After his playing days, he joined his former teammate George Kell in the Detroit Tigers television booth as a color commentator. He also served as a fielding coach in spring training and became a key board member under several Tiger owners. Throughout the 1990s, he was vocally critical of the team's personal decisions; in 2001 he was tapped by owner Mike Ilitch to help restructure the struggling franchise, and in 2002, he marked his 50th anniversary as an employee of the Detroit Tigers.
While never considered to be an "upper-tier" Hall of Famer, Kaline has always been a Detroit favorite and as a member of both the Hall of Fame and the 3,000 Hit Club, interest and desire for his cards are assured.
The 1954 Topps # 201 is the only recognized Al Kaline rookie card. The '54 Topps set is of course one of the most popular of all time. With its eye appealing design and star power, the Kaline card is one of the keys along with the rookie cards of Hank Aaron and Ernie Banks.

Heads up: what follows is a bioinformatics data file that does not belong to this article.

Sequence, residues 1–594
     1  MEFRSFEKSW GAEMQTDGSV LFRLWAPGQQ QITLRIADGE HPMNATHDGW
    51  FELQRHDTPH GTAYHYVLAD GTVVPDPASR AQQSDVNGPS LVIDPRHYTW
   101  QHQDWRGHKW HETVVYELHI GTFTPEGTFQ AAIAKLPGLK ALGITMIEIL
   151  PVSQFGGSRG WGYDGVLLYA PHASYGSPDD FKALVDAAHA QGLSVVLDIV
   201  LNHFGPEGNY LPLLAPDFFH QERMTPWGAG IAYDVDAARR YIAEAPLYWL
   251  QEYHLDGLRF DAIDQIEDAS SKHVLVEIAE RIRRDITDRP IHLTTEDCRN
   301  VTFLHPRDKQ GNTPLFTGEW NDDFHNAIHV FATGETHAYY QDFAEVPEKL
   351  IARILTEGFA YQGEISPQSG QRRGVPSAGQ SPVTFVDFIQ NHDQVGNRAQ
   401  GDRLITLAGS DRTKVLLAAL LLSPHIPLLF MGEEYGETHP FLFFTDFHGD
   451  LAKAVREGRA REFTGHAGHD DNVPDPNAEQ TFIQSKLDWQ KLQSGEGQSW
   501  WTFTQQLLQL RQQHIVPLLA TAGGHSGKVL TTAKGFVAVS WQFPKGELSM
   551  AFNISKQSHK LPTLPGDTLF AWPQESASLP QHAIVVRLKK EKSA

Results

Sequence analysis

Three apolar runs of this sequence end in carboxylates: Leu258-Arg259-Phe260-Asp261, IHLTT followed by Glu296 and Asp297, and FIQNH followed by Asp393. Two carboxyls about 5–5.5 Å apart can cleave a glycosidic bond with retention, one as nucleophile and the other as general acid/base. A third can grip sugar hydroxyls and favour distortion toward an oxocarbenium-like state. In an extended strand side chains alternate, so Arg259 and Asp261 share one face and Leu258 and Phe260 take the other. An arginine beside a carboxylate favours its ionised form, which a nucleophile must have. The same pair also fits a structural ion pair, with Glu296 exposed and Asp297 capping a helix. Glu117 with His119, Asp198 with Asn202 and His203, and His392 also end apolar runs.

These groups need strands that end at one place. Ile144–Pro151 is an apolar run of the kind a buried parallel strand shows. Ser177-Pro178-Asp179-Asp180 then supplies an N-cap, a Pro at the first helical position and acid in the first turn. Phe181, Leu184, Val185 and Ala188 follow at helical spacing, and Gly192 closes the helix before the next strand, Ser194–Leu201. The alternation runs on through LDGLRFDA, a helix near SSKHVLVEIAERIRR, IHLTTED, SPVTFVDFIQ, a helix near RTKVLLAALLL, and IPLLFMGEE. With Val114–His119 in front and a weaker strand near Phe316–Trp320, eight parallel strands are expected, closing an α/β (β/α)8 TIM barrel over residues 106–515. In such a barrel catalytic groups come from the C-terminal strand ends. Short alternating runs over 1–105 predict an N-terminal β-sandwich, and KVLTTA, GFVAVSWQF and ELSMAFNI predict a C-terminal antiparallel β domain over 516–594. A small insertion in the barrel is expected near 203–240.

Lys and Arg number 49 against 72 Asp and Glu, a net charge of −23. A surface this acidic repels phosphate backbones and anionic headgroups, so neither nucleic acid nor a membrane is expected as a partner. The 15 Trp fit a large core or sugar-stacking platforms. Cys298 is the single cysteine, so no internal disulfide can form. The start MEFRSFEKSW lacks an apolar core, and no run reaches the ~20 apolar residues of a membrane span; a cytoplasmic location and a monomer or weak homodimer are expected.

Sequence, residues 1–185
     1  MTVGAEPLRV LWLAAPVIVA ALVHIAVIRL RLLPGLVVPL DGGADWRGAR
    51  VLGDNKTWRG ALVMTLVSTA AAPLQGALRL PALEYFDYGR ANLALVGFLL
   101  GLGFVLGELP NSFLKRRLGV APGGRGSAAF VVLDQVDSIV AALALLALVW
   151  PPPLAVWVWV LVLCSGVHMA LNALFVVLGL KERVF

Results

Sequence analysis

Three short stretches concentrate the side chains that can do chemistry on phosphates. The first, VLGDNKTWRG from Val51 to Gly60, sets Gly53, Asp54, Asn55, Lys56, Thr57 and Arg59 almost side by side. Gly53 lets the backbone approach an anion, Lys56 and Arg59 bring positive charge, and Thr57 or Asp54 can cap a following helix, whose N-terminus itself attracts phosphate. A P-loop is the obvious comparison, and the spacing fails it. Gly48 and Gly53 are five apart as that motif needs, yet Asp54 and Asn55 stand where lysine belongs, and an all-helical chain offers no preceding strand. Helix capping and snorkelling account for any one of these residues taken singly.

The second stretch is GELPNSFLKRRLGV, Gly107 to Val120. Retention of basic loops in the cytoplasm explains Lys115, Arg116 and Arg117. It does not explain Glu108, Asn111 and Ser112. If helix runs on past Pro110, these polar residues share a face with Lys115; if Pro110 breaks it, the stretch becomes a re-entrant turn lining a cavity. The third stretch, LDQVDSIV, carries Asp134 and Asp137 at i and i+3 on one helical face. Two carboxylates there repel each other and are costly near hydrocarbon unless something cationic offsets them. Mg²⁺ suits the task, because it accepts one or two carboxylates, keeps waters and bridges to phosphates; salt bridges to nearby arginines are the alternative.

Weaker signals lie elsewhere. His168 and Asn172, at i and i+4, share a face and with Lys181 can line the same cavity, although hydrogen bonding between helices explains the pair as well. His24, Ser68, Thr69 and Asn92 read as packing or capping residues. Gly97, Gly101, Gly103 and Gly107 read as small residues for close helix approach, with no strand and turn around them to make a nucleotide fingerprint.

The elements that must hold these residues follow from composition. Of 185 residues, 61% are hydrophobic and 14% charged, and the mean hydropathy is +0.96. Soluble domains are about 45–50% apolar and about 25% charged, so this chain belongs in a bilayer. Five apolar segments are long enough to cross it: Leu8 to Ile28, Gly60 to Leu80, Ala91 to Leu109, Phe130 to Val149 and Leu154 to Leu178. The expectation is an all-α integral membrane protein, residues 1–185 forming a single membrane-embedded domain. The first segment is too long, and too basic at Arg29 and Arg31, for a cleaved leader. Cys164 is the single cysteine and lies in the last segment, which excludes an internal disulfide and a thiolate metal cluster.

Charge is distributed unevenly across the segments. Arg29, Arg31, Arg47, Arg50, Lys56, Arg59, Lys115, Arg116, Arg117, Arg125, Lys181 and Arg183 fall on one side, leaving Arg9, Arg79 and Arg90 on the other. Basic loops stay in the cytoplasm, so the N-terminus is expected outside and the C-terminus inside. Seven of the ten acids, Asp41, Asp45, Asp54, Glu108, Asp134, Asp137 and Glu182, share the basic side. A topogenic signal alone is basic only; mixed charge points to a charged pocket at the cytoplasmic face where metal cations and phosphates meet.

While the Kaline rookie card is not that difficult of a card to find in high grades, it is more of a challenge to find than the Aaron card. As is the case with all of the '54 Topps set, the card suffers problems with centering and print defects. The card's undefined top border makes it very difficult to judge centering, so the best thing to do is look closely at the name and make sure it does not come too close to the top. A top grade card will also have a nice cherry-red colored background, but be careful, print defects are usually lurking in that burst of red.
When it comes to print problems, remember that it is not desirable to have print marks anywhere near the player's face. That severely reduces the eye appeal of a card and is known to be a problem with the Kaline card. Also be aware of the inherent problems on this card's reverse, which is surrounded by green edges. Those edges were frequently chipped in the cutting process. Minimal chipping won't prevent it from reaching NM-MT status.